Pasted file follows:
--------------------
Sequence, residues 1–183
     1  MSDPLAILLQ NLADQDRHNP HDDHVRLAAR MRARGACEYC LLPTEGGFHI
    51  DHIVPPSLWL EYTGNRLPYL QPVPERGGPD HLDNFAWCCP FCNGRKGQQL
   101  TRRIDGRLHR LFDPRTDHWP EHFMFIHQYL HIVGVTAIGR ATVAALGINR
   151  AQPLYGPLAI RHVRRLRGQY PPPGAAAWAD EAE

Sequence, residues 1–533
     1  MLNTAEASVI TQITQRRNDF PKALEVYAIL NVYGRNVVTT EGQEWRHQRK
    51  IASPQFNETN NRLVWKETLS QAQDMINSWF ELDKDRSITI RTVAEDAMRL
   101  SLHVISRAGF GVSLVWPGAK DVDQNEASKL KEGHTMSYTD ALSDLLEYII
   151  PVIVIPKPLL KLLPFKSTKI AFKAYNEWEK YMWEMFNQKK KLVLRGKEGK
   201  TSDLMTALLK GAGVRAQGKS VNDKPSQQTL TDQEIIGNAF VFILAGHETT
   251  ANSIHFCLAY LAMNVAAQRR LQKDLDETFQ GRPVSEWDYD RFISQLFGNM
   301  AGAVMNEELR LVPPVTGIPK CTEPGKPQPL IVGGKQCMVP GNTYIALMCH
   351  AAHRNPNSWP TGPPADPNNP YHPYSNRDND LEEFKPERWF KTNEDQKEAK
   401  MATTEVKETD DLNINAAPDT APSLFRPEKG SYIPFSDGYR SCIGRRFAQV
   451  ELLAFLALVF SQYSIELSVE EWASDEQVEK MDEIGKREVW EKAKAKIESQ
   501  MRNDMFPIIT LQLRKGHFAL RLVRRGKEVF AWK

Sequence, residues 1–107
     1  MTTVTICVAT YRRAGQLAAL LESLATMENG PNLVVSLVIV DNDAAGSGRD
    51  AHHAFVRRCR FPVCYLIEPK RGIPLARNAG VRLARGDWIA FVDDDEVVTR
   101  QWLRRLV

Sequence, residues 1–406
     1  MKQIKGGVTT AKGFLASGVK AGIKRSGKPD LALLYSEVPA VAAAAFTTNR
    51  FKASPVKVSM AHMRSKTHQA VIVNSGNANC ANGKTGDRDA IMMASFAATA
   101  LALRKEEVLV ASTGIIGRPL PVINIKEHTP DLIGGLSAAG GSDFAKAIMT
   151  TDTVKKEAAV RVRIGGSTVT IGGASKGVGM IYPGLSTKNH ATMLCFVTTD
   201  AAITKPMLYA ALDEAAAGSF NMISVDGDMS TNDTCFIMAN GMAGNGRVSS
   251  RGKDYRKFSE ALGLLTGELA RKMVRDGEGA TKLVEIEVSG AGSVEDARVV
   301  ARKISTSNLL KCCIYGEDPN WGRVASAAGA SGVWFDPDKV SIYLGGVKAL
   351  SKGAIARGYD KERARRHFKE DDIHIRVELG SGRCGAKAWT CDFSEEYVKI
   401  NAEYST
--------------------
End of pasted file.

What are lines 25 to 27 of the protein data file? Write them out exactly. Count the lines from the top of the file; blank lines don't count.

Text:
   101  LALRKEEVLV ASTGIIGRPL PVINIKEHTP DLIGGLSAAG GSDFAKAIMT
   151  TDTVKKEAAV RVRIGGSTVT IGGASKGVGM IYPGLSTKNH ATMLCFVTTD
   201  AAITKPMLYA ALDEAAAGSF NMISVDGDMS TNDTCFIMAN GMAGNGRVSS